Jobs in U.S.

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Finding a job in the US can be a troublesome experience. However, knowing your personal skill level can make the job-hunt process a whole lot easier.


Job Levels in the US

Before you can look for a job, you must decide what level of job you want and what types of jobs fit in that level. Typically there are five job levels in the US as follows:

*Please note: Some of the examples below may merge into different levels, however they differ by the type of experience you need to acquire the positions in different job levels.


Entry Level

An entry-level job is typically given to a new employee with little or no prior experience or education. This level may also be open to recent college graduates who have no real world experience in the field. An entry-level employee is usually assigned duties of limited complexity and uses the help of more-experienced employees to gain experience and become proficient at the job.

Examples of Entry level jobs: receptionist, apprenticeship, those who are working in a a fast food restaurant, customer service, cashiers, etc.


The intermediate-level employee has demonstrated proficiency with entry-level job functions and responsibilities, and can teach these skills to others. This job level indicates that an employee is able to work without constant supervision and can take on responsibility for specific projects or tasks. Supervisory responsibility for other intermediate or entry-level employees may also be assigned.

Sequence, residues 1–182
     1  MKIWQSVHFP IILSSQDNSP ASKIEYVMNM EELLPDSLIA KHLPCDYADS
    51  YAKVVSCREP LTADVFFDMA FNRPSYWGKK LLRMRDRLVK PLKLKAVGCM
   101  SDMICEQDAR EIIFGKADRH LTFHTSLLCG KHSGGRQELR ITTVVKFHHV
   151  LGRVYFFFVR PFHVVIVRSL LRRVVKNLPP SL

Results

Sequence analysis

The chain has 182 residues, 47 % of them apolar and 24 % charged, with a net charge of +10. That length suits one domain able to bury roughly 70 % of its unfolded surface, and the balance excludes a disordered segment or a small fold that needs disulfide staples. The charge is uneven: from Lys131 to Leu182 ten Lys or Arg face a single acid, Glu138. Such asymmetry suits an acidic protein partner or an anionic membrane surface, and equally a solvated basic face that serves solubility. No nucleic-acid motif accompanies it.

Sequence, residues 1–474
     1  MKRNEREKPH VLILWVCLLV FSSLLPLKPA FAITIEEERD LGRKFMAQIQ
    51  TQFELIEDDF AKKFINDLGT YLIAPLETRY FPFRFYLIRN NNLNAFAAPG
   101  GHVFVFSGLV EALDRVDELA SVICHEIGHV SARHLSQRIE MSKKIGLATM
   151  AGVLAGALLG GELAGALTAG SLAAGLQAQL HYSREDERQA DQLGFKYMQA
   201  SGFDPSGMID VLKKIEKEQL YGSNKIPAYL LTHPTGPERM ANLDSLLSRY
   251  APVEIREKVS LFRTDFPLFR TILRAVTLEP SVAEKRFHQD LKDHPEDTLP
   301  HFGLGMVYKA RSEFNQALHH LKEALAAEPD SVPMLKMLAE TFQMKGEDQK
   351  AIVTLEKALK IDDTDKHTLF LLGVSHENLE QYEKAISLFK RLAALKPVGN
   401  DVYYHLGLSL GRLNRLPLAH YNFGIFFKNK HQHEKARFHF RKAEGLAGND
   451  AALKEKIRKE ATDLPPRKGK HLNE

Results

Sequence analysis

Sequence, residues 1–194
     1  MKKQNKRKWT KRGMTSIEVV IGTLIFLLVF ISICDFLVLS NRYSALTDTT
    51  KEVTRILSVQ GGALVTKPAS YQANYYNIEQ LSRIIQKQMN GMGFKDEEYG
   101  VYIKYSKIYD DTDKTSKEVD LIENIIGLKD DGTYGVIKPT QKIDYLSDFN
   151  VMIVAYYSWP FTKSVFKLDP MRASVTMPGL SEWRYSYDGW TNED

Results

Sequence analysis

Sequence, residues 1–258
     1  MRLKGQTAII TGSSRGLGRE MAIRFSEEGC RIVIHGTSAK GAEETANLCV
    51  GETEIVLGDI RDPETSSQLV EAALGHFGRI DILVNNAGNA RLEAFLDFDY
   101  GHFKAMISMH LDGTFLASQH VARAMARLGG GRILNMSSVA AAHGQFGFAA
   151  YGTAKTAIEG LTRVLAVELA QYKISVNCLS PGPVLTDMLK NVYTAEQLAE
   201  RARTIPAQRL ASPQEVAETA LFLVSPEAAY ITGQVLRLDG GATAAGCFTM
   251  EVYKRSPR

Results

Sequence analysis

Examples of Intermediate level jobs: accounting clerks, bookkeeping, manufacturing technician, telemarketer etc.

Middle Management

Middle management is typically the first managerial level in a corporate structure. Middle managers oversee intermediate and entry-level employees, as well as take on responsibility for department objectives and goals. Middle managers may be given titles such as supervisor, lead employee or department head, and report to upper-level managers.

Examples of middle management level jobs: Managers, Supervisors, Team Leaders and Related Careers

Upper Management

Upper-level managers are employees with extensive experience and education in their field, as well as experience managing others. They oversee divisions, departments or specific functions within a corporate structure and delegate responsibilities to middle managers. Upper-level managers typically report to the executive level of a corporate structure.

Examples of Upper Management level jobs: the board of directors, Chief Executive Officer, President, Vice President, Chief Financial, Chief Operational and Chief Informational Officers.


The executive level of a corporate structure is made up of highly skilled and experienced employees who have demonstrated the ability to handle the specific job responsibilities and manage other employees. Executive-level employees include directors, vice presidents, officers or department chiefs. Chief operating officer, chief financial officer, director of human resources and vice president of sales are examples of common executive level job titles.

Examples of executive level jobs: Common job titles include Chief Executive Officer (CEO), Chief Financial Officer (CFO), President, Vice President and Director.